Web hosts store the computer files that contain all of the information on your site and they keep that information connected to the Internet. For many businesses, hosting your site in-house isn’t an option due to the set-up costs for hardware, software development, and continuous Internet connection as well as the ongoing maintenance. In that case, in order for your website to go online, you’ll likely need to find a web hosting company. The following are important questions to ask any web host that you’re considering:
- What sort of physical connection does the web host have to the Internet? There are about a dozen private networks, often referred to as ‘backbone’ networks, that make up the core of the Internet. In many cases, a web host doesn’t send their data directly to the backbone but rather through a connection to a larger Internet Service Provider (ISP). That ISP can go through another ISP who goes through another one and so on. Unfortunately, the further you are from the backbone, or the more layers of ISPs between your host and the backbone, the more potential for problems. Ask the potential web host how far away they are from the backbone. Ideally, they should be a few steps away or even sit on the Internet backbone itself. Also try to find a provider with at least one T-3 line connection to the backbone or an ISP as the T-3 connection is about twenty-eight times faster than a T-1 connection. You should also find out the percentage of their bandwidth that is being used by existing demands on the system, which ideally should be no more than 30% of the available total for the average bandwidth utilization and no greater than 60% to 70% for the peak bandwidth. It can also be very beneficial to have a guarantee of bandwidth utilization limits written into your contract with the host.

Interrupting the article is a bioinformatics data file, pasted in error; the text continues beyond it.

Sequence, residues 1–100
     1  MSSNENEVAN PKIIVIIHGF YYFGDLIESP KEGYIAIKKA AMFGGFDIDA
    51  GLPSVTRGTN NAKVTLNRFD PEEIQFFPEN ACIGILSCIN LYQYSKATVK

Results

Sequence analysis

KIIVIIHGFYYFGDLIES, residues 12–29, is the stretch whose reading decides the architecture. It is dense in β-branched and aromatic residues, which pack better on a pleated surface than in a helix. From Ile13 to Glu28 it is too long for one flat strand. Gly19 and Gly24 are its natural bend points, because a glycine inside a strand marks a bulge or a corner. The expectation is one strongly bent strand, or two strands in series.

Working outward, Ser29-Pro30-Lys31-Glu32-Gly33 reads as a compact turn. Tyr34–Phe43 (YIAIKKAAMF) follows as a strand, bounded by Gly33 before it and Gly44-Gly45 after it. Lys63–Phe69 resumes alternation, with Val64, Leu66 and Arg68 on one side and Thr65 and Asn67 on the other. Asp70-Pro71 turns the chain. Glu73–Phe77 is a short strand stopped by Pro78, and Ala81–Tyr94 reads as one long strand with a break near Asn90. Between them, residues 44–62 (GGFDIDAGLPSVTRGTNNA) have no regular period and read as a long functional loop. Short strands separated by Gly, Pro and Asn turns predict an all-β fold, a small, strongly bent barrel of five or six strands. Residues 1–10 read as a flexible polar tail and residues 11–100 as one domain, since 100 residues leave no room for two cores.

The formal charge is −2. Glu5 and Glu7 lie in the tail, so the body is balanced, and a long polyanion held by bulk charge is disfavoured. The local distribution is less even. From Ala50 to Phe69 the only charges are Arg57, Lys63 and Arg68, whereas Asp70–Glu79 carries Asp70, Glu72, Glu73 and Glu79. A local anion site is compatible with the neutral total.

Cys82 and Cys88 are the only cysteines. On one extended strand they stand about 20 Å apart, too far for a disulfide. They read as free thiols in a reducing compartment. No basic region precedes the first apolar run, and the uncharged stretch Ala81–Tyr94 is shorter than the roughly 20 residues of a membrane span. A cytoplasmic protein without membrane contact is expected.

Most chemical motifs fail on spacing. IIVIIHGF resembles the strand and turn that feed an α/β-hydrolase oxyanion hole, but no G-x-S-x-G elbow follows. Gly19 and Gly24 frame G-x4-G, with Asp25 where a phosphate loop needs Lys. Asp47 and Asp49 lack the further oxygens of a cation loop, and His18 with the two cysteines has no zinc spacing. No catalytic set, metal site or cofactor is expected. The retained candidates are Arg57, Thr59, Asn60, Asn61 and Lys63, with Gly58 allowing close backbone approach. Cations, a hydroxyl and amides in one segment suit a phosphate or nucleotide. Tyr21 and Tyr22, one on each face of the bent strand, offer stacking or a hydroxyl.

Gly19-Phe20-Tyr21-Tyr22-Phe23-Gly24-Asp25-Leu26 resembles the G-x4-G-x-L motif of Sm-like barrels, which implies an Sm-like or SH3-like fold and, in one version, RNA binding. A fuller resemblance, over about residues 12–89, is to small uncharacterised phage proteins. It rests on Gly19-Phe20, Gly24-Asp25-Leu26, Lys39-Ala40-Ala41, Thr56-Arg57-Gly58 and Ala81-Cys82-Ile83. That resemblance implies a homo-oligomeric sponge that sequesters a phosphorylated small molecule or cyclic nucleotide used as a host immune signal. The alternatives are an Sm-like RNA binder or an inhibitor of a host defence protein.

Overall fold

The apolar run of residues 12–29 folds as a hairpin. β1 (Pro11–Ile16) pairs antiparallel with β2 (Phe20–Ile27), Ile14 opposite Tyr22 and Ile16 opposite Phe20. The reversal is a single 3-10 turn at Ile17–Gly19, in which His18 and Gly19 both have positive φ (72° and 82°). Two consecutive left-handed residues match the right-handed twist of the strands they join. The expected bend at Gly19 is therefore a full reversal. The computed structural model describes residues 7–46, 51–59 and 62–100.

- What server hardware and software does the web host use? Ideally, the host should use top quality hardware, with multi-processor server machines being best. Because many web hosts build their own equipment, they don’t necessarily need to be name brand. Also ask about redundancy and what happens when the computer storing your data crashes. Don’t be fooled if a web host tells you that their computer never crashes. Ideally, the host should store back-up copies of your site files on other machines that will immediately take over when the main server fails. The type of operating system your host uses is also important as software you might use is more compatible with some operating systems than with others. Windows NT and Unix are the most common operating systems. Your host should also have an uninterruptible back-up power supply onsite which is set to immediately take over in the even of a power failure.
- How much disk space does the web host guarantee? 25 MB of hard disk space is generally enough for 500 average web page with about 50KB of text and graphics each. Many hosting packages start at 25MB and, generally speaking, most people require less space than they think. You should, however, be able to easily increase your disk space allocation if needed.